Click. Scroll. Click. Scroll.
I sat paging through Arabian Business’s list of the 500 most influential Arabs. #2 Wael Ghonim – Google exec made famous by his role in the Egyptian protests. #21 Amr Diab – played his pop music on repeat while in Egypt. #22 Amin Maalouf – one of my favorite authors. Click. Scroll. But the most powerful Arab names in business, science, media, sports, and culture soon became less and less recognizable. I began to become discouraged: Do I really have such a narrow understanding of this region after years of study, learning Arabic, and living abroad?
Then I got to #128 Elia Nuqul. Here was a prominent, though likely lesser known, businessman of whom I knew a disproportionate amount. Elia Nuqul is the founder and current chairman of Nuqul Group, a Jordanian firm established in 1952 that has grown to encompass more than 30 companies. No, I don’t follow the region’s corporate developments with microscopic attention, though I wish I could. But Nuqul Group made a powerful impression on me after I read about the group in CIPE’s case study guide Advancing Corporate Governance in the Middle East and North Africa: Stories and Solutions, and listened to Vice Chairman Ghassan Nuqul explain the group’s self-discovery of corporate governance.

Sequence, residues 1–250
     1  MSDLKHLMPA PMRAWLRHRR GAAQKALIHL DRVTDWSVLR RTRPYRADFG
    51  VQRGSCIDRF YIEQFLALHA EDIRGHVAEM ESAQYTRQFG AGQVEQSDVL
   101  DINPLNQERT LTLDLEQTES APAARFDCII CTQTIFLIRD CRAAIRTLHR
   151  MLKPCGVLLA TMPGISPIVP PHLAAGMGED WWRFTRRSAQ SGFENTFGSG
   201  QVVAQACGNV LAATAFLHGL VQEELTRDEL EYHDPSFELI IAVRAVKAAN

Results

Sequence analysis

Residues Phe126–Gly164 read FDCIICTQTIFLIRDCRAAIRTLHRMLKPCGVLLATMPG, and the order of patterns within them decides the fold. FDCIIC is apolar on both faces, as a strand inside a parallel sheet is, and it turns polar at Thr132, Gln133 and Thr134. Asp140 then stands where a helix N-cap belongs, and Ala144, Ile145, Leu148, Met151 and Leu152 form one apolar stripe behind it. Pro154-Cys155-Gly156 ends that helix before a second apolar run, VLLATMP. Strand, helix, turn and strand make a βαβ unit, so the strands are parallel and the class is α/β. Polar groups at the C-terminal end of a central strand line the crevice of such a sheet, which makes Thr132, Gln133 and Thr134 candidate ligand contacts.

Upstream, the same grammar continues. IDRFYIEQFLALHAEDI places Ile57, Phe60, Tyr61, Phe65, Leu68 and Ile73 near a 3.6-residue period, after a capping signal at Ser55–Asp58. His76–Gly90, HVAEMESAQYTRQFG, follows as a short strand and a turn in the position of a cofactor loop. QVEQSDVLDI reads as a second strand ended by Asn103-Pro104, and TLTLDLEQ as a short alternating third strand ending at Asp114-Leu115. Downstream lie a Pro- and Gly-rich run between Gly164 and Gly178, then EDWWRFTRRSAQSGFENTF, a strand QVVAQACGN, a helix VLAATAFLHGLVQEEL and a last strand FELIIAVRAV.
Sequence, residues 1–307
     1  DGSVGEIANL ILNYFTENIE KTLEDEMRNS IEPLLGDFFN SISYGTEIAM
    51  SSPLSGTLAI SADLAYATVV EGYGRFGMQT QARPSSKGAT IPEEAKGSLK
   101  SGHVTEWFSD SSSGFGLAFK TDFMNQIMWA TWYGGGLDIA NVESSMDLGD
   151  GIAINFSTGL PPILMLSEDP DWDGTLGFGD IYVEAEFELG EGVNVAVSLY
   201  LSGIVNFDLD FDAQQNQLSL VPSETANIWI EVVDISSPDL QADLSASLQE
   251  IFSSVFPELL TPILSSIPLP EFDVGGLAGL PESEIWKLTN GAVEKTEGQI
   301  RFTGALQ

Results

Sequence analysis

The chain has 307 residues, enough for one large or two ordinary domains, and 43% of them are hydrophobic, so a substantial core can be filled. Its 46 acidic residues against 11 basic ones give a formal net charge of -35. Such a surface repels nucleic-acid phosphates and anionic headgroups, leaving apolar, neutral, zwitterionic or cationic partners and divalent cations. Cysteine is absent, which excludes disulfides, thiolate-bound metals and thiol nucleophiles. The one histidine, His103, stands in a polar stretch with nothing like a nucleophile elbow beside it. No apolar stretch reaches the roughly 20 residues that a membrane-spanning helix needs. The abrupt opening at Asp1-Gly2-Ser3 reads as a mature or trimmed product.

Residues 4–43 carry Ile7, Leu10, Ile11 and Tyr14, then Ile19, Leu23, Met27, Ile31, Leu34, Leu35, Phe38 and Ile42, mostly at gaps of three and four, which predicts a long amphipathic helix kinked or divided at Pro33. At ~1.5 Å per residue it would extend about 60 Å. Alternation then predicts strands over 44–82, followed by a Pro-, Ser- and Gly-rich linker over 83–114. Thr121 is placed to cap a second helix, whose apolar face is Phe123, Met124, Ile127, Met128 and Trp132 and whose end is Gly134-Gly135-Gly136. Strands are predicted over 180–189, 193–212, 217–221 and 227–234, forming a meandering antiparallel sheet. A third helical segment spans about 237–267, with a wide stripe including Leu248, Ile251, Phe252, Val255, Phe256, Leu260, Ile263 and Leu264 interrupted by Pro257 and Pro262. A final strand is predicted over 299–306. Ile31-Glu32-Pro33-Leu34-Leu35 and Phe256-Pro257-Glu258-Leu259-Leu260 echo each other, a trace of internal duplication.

In fact, on June 12, CIPE Program Officer Danya Greenfield presented alongside Ghassan Nuqul at the Third Strategic Corporate Governance & Responsibility Forum, which took place in Amman, Jordan. Danya launched the case studies guide and accompanying DVD on a panel that included Philip Armstrong, Head of the Global Corporate Governance Forum (CIPE’s partner in producing the case studies), and Slim Othmani, chairman of NCA-Rouiba (an Algerian company also profiled in the case studies and DVD).
I was not surprised to find Elia Nuqul listed as one of the most powerful individuals from the Arab world. I remembered from the case studies that Nuqul Group had undergone a rapid expansion since its establishment, but found that implementing corporate governance practices allowed for the decentralization of decision-making and formalization of roles and procedures to allow the group to sustain its growth. As Vice Chairman Ghassan Nuqul explained, “I can tell you in my case what developed and what evolved in Nuqul Group was done in response to challenges and actual needs on the ground — and it turned out to be what you call corporate governance.”
I wouldn’t be astonished to find that many more of the 500 most influential Arabs were implementers of corporate governance in their corporations.